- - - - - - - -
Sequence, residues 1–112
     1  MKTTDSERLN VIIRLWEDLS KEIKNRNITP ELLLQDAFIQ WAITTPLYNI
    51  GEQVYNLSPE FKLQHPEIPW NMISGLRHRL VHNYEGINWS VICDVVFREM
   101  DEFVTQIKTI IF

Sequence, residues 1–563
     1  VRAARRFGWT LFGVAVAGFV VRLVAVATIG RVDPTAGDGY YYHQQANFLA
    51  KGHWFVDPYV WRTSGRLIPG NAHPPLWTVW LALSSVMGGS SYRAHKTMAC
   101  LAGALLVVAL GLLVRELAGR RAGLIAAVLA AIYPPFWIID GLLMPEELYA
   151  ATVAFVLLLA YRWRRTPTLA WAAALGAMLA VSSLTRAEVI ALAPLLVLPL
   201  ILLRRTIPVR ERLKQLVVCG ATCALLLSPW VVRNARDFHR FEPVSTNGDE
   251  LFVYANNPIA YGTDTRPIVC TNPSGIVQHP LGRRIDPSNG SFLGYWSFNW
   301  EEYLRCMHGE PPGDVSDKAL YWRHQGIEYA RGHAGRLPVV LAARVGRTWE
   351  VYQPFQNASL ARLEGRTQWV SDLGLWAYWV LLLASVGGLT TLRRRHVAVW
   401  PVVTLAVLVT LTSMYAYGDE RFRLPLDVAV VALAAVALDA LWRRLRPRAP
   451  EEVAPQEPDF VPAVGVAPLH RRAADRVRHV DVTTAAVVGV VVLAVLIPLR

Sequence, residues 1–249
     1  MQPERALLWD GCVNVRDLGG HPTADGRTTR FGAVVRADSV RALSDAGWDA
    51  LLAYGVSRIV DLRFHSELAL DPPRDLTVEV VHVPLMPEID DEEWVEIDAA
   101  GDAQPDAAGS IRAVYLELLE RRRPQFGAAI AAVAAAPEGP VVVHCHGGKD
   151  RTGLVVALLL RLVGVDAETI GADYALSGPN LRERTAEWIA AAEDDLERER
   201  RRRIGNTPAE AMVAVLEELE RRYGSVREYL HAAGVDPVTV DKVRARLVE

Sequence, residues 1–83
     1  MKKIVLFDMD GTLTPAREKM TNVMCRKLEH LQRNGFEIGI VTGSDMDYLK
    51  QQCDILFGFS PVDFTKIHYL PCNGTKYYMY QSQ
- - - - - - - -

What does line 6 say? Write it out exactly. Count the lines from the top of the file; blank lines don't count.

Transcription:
     1  VRAARRFGWT LFGVAVAGFV VRLVAVATIG RVDPTAGDGY YYHQQANFLA